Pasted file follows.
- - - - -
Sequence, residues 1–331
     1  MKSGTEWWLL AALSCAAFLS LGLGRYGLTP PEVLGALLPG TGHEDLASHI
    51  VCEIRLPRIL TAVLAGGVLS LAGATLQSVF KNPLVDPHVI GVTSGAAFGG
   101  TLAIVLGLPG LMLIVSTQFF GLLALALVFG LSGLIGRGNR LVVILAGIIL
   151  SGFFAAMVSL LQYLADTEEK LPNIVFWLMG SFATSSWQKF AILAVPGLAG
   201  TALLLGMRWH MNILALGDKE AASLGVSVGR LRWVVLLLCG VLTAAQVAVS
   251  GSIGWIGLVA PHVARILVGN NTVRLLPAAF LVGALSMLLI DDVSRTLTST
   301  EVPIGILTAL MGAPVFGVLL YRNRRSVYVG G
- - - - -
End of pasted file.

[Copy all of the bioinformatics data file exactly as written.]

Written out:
Sequence, residues 1–331
     1  MKSGTEWWLL AALSCAAFLS LGLGRYGLTP PEVLGALLPG TGHEDLASHI
    51  VCEIRLPRIL TAVLAGGVLS LAGATLQSVF KNPLVDPHVI GVTSGAAFGG
   101  TLAIVLGLPG LMLIVSTQFF GLLALALVFG LSGLIGRGNR LVVILAGIIL
   151  SGFFAAMVSL LQYLADTEEK LPNIVFWLMG SFATSSWQKF AILAVPGLAG
   201  TALLLGMRWH MNILALGDKE AASLGVSVGR LRWVVLLLCG VLTAAQVAVS
   251  GSIGWIGLVA PHVARILVGN NTVRLLPAAF LVGALSMLLI DDVSRTLTST
   301  EVPIGILTAL MGAPVFGVLL YRNRRSVYVG G